PEP (Person of Exceptional Prominence) Spot Light:
John Coltrane (September 23, 1926 – July 17, 1967)
Legendary jazz performer and inductee to the Jazz Hall of Fame, John Coltrane is one of the most dominant figures that has influenced generations of jazz musicians. Prior to his association with musical greats like Dizzy Gillespie, Johnny Hodges, and Earl Bostic, John Coltrane entered military service in 1945 and played in the Navy jazz band while stationed in Hawaii.
When Coltrane entered military service, all personnel were required to have a chest x-ray as part of their induction requirements. Within John Coltrane’s record, one such x-ray exists. As the reformatting staff of the Preservation Programs at St. Louis scanned his military record for public use, his x-ray was scanned also. There are several preservation reasons why x-rays are scanned. First, the x-ray is part of Coltrane’s file, and thus an integral part of his historical record which is available to the public. Secondly, providing a scanned image eliminates the need for a user to wear clean gloves so no oils from their hands would transfer onto the silver emulsion of the x-ray. Secondly, the base that the x-ray film is on is acetate film (a.k.a Safety Film) which decomposes over time letting off gases that smell like vinegar hence, the commonly used term “vinegar syndrome”. Vinegar Syndrome occurs when acetic acid is released from the acetate based film leading to the vinegar smell. This deterioration makes the plastic film base brittle, buckle, shrink, and liquefy. Keeping the film in a controlled environment helps reduce the continuation of the base’s degradation. Lastly, the x-ray can be scratched easily if not handled appropriately.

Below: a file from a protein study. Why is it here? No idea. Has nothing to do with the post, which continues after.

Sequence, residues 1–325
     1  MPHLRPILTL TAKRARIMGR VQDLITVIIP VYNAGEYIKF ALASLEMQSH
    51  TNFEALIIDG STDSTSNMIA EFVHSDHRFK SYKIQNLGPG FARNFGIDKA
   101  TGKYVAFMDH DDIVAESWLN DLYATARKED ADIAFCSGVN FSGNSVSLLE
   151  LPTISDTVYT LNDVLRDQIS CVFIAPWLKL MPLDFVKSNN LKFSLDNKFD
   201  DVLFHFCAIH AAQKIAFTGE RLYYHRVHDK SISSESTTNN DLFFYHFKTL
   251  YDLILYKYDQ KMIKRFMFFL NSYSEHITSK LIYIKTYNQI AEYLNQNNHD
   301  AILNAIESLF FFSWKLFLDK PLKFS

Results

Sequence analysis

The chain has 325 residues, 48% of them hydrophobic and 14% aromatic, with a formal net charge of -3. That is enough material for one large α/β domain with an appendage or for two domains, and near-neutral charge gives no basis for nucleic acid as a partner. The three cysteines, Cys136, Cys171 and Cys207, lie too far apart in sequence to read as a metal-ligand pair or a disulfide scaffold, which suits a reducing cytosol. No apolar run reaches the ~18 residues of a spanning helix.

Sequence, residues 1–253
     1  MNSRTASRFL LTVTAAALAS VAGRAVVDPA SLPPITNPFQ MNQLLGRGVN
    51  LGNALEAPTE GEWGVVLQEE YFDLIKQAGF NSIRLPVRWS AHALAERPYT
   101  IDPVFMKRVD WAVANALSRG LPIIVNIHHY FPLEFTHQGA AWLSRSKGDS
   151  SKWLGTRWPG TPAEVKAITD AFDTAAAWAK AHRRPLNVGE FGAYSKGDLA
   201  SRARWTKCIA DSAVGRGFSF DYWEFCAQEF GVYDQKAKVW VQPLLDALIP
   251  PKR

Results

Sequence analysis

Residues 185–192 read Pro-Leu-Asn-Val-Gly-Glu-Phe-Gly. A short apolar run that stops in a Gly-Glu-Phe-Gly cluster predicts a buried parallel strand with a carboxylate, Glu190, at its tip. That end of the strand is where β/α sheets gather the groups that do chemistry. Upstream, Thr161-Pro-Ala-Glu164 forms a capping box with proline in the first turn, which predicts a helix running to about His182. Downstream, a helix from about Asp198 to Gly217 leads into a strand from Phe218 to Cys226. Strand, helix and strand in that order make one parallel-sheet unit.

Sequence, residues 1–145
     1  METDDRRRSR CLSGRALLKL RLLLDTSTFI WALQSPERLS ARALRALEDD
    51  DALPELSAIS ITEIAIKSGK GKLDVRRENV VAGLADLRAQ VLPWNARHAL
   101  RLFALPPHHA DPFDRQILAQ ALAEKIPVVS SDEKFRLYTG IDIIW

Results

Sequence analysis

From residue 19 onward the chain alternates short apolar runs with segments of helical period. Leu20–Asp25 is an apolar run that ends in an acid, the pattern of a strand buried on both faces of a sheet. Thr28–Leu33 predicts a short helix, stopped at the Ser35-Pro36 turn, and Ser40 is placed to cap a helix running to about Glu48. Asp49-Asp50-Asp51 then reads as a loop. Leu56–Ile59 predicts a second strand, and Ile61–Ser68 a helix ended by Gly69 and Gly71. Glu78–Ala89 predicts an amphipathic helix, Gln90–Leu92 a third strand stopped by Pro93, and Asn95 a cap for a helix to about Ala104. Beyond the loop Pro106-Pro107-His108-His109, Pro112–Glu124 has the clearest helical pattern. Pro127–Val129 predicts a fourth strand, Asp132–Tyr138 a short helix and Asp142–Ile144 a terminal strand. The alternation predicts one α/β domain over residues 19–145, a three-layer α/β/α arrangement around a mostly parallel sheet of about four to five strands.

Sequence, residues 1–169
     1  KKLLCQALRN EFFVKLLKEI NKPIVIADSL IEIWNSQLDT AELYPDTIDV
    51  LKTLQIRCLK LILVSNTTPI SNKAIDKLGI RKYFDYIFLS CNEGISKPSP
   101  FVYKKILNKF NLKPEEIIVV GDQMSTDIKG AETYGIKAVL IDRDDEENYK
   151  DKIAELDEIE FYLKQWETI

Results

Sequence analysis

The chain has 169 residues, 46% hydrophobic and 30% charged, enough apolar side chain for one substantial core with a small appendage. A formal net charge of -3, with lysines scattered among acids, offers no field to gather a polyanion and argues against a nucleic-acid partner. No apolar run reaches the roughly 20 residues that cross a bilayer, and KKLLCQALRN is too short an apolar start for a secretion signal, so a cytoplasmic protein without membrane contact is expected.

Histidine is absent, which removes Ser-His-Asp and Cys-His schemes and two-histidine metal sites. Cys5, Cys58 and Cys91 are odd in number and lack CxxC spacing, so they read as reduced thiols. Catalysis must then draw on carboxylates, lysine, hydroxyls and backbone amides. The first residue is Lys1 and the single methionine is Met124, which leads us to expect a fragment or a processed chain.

On occasion, the x-rays are digitally enhanced so the image is clearer, and in doing so, helping the researcher and improving public access. These documents and x-rays are placed on DVDs so researchers can access exact replicas and prevent damage to the original document.
…Smokey the Bear, Smokey the Bear,
Prowling and growling and sniffing the air
He can find a fire before it starts to flame
That’s why they call him Smokey, that’s how he got his name…
For Smokey’s 70th Birthday, here’s country star Eddy Arnold with a few fire prevention tips and singing the very catchy “Smokey the Bear”.
Ever wondered - is it Smokey Bear or Smokey the Bear?
Smokey’s official name has no “the” in the middle though. It was added in 1952 to achieve proper rhythm in the song “Smokey the Bear”, written by Steve Nelson and Jack Rollins.
An Evening of Memories
After dinner the Fords, Queen Elizabeth, Prince Philip, and their guests moved inside to the East Room for the entertainment portion of the evening. British-born comedian Bob Hope, who had been specially requested by Her Majesty, led a program that also included the musical duo Captain and Tennille.
Hope had previously entertained the British Royal Family at four command performances. On this occasion he sang his trademark song “Thanks For the Memory” with special lyrics recognizing the British guests of honor.
Although the “Captain” Daryl Dragon had been feeling under the weather earlier in the day the show still went on for him and Toni Tennille. Their set included their hits "Love Will Keep Us Together" and “Muskrat Love,” which some commentators felt was not an appropriate song choice to play for Her Majesty.
Happy 115th Birthday, Duke Ellington!
Jazz pioneer Edward Kennedy “Duke” Ellington, 4/29/1899 - 5/24/1974.
"Marian Anderson, world’s greatest contralto, entertains a group of overseas veterans and WACs on [the] stage of the San Antonio Municipal Auditorium…", 04/11/1945
From the series: Photographs of Notable Personalities, 1942 - 1945. Records of the Office of War Information
Earlier this week was the 75th Anniversary of Marian Anderson’s famous outdoor concert at the Lincoln Memorial, on April 9, 1939. (Hear her renowned contralto voice in the audio post!)
Today marks the 75th anniversary of Marian Anderson’s concert on Easter Sunday at the Lincoln Memorial in Washington, DC. More than 75,000 people attended.
Originally, Anderson was scheduled to sing at Howard University, but when officials thought the crowds would be too large, they asked the Daughters of the American Revolution (DAR) if Anderson could sing in their auditorium at Constitution Hall.
However, in 1939, Washington, DC, was still a racially segregated city, and Constitution Hall had a “white-only” policy for its performers. The DAR declined.
First Lady Eleanor Roosevelt resigned her membership from the organization in protest, surprising the nation (though not the black community) with her support.